This post has been updated with comments from DEQ and a correction to the use for the coal ash at Brickhaven.
For months, environmental advocates, scientists and concerned citizens told lawmakers that House Bill 576, aka “garbage juice in a snowblower” legislation, was a bad idea.
Now, two companies that have tested the leachate aerosolization technology agree. Charah joins Republic Services in withdrawing from an aerosolization test program. And House Bill 576, vetoed by Gov. Cooper and scheduled for an override vote today, could be headed for the landfill.
Sponsored by Rep. Jimmy Dixon, a Republican from Duplin County, the measure would require the NC Department of Environmental Quality to approve leachate aerosolization at lined landfills. The measure was clearly tailored for the system’s inventor, Kelly Houston of Cornelius, who was a major donor to Sen. Trudy Wade, another supporter of the bill. However, Houston provided no peer-reviewed scientific studies proving that spraying contaminated landfill leachate into the air was safe — the technology is based on that used in chemical warfare — for those living downwind or for waste management workers.
DEQ had approved permits, which included monitoring and other environmental requirements, for two trial programs: One at the Brickhaven Mine, managed by Charah, and the other at three Republic Services landfills. Republic withdrew from its trial because the technology was “not a viable alternative,” as NCPW reported  earlier this week.
Then on Tuesday, Charah notified DEQ that it would not use the technology at the former Brickhaven mine, a lined landfill where coal ash is being reused as fill material.
“Charah does not plan to proceed with the field trial of the leachate evaporation system at Brickhaven at this time. In the future, we may reconsider the use of this technology if it makes economic sense and does not impact neighbors and the environment,” wrote Norman Divers, director of Engineering, Environmental and Quality at Charah to Ed Mussler, permitting branch supervisor in the Division of Waste Management. “Charah, therefore requests DEQ withdraw any activity regarding the review and approval of the trial request as noted.”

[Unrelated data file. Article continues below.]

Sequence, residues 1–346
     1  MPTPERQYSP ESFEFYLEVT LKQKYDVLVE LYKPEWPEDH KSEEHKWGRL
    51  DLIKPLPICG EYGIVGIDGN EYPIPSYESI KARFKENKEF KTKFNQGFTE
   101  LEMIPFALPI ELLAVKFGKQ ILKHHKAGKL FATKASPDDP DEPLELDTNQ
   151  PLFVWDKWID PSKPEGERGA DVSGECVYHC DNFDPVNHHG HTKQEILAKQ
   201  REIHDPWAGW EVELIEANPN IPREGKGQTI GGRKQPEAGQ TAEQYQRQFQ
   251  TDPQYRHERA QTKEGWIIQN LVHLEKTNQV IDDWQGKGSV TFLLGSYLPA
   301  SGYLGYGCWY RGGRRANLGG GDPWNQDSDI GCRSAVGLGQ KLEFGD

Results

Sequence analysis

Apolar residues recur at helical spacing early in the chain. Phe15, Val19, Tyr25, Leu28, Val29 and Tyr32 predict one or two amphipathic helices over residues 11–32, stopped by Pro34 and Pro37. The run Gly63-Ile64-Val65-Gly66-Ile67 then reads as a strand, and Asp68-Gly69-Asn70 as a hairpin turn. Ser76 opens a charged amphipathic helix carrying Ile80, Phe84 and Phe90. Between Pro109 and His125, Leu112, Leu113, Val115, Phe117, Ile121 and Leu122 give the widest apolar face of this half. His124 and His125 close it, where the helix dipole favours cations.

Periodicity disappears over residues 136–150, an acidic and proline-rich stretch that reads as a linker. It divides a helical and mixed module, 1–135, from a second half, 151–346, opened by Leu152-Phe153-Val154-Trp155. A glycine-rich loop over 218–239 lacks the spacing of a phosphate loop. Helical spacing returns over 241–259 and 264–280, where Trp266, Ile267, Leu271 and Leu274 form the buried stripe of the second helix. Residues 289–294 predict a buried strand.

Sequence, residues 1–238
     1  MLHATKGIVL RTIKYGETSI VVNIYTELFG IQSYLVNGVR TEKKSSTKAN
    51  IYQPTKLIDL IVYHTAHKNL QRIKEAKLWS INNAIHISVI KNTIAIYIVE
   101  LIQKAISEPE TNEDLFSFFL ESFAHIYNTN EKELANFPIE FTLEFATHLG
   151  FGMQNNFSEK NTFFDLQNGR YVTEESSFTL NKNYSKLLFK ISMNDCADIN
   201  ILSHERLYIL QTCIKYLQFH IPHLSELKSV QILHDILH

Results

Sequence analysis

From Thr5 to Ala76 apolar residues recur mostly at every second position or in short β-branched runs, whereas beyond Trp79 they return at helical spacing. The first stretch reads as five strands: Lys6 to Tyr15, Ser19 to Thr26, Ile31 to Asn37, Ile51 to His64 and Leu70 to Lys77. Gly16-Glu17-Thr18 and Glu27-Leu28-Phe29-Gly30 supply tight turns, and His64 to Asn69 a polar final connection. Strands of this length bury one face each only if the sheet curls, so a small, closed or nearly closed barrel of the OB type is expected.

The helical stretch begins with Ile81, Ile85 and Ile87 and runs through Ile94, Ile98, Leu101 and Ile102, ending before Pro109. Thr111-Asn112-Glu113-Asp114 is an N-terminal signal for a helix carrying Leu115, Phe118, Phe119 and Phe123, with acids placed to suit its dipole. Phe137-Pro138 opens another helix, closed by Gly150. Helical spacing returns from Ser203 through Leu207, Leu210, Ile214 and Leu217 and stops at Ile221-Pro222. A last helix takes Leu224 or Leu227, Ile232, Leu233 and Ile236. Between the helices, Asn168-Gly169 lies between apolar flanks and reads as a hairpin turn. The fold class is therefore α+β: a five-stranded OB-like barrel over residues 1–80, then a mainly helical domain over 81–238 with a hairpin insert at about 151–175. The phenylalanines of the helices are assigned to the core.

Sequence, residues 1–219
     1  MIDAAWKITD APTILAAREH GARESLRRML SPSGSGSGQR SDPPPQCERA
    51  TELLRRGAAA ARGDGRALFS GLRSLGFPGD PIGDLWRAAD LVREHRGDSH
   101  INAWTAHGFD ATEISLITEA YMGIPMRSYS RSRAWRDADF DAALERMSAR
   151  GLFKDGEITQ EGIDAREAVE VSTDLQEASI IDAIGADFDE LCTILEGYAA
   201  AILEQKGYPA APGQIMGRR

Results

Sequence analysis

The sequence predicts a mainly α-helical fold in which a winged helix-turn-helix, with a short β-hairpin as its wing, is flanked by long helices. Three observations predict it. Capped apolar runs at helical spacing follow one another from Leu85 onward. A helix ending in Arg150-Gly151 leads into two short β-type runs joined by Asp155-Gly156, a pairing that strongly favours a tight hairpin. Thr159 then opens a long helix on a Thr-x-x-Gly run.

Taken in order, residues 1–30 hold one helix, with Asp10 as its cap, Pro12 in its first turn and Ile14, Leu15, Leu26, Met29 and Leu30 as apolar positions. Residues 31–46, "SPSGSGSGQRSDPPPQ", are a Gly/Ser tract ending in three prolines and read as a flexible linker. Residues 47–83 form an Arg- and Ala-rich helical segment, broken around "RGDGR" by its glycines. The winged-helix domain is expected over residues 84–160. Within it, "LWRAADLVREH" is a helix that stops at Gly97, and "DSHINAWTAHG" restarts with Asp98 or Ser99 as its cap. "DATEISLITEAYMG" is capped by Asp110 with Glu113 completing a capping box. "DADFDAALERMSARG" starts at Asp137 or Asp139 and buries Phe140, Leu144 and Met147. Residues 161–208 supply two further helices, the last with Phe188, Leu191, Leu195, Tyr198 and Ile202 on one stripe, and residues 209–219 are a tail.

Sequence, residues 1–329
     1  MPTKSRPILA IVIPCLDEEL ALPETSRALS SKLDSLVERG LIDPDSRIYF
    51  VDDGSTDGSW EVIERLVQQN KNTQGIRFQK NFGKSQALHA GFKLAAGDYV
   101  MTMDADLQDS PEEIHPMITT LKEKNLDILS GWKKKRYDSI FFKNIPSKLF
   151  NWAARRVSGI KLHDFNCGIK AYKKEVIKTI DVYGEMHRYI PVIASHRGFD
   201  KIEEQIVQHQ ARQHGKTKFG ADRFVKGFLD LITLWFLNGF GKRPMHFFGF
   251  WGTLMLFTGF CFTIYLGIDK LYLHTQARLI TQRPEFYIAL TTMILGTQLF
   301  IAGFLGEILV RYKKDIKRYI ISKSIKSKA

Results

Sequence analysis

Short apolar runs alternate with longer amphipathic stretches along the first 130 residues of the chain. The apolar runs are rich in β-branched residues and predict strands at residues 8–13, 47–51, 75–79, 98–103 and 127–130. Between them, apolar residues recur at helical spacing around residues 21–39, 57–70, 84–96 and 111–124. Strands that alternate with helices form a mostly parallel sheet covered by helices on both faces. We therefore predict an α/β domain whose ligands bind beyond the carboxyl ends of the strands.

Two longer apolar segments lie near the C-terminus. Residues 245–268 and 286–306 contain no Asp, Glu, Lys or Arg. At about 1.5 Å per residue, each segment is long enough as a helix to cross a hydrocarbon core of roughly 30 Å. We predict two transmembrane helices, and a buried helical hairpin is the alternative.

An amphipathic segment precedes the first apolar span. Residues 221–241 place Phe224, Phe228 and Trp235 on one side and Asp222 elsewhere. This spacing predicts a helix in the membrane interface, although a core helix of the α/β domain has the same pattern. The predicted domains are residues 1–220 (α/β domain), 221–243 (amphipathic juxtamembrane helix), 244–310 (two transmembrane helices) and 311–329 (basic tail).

Charah has not yet responded to additional questions from NCPW about the technology’s failure. In two proposals sent to DEQ, Charah referred to the first as “leachate aerosolization,” and the second as “leachate evaporation,”  but the methods are essentially the same.
Although during committee hearings on the bill, DEQ said it supported the measure, that endorsement felt tepid. DEQ spokesperson Laura Leonard said the agency supports Governor Cooper’s veto statement, which reads in part: “Scientists, not the legislature, should decide whether a patented technology can safely dispose of contaminated liquids from landfills. With use of the word ‘shall,’ the legislature mandates a technology winner, limiting future advancements that may provide better protection.
Leonard told NCPW that no other companies have requested approval for leachate aerosolization or evaporation systems from the Division of Waste Management. Robeson County has submitted a request for aerosolization, which is under agency review. The Division of Air Quality has also received a request for use of an evaporation system, but not at a landfill.
Dixon told NCPW yesterday that he would have to tally the votes before deciding whether to pursue an override of the governor’s veto. A three-fifths majority is required in both chambers.